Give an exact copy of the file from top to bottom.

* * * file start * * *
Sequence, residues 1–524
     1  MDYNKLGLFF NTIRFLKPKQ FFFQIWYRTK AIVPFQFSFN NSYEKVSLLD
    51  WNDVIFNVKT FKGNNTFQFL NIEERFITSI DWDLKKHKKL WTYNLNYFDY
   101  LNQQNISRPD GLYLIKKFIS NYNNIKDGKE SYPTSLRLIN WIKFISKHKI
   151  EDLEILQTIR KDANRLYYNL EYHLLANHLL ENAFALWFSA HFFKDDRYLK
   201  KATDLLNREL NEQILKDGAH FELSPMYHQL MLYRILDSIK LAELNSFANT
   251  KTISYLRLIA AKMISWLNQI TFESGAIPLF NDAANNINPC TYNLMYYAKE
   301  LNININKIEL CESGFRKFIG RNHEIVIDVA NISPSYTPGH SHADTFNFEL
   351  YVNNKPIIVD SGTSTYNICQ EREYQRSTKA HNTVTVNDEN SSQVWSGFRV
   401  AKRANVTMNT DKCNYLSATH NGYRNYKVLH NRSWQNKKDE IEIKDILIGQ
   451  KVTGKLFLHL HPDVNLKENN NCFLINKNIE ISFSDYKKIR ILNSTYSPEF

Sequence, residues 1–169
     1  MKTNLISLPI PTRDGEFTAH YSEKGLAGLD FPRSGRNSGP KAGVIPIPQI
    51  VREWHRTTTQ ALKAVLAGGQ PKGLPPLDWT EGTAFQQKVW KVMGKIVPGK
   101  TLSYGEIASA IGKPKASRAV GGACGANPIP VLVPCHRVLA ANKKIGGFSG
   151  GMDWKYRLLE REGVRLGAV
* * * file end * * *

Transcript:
Sequence, residues 1–524
     1  MDYNKLGLFF NTIRFLKPKQ FFFQIWYRTK AIVPFQFSFN NSYEKVSLLD
    51  WNDVIFNVKT FKGNNTFQFL NIEERFITSI DWDLKKHKKL WTYNLNYFDY
   101  LNQQNISRPD GLYLIKKFIS NYNNIKDGKE SYPTSLRLIN WIKFISKHKI
   151  EDLEILQTIR KDANRLYYNL EYHLLANHLL ENAFALWFSA HFFKDDRYLK
   201  KATDLLNREL NEQILKDGAH FELSPMYHQL MLYRILDSIK LAELNSFANT
   251  KTISYLRLIA AKMISWLNQI TFESGAIPLF NDAANNINPC TYNLMYYAKE
   301  LNININKIEL CESGFRKFIG RNHEIVIDVA NISPSYTPGH SHADTFNFEL
   351  YVNNKPIIVD SGTSTYNICQ EREYQRSTKA HNTVTVNDEN SSQVWSGFRV
   401  AKRANVTMNT DKCNYLSATH NGYRNYKVLH NRSWQNKKDE IEIKDILIGQ
   451  KVTGKLFLHL HPDVNLKENN NCFLINKNIE ISFSDYKKIR ILNSTYSPEF

Sequence, residues 1–169
     1  MKTNLISLPI PTRDGEFTAH YSEKGLAGLD FPRSGRNSGP KAGVIPIPQI
    51  VREWHRTTTQ ALKAVLAGGQ PKGLPPLDWT EGTAFQQKVW KVMGKIVPGK
   101  TLSYGEIASA IGKPKASRAV GGACGANPIP VLVPCHRVLA ANKKIGGFSG
   151  GMDWKYRLLE REGVRLGAV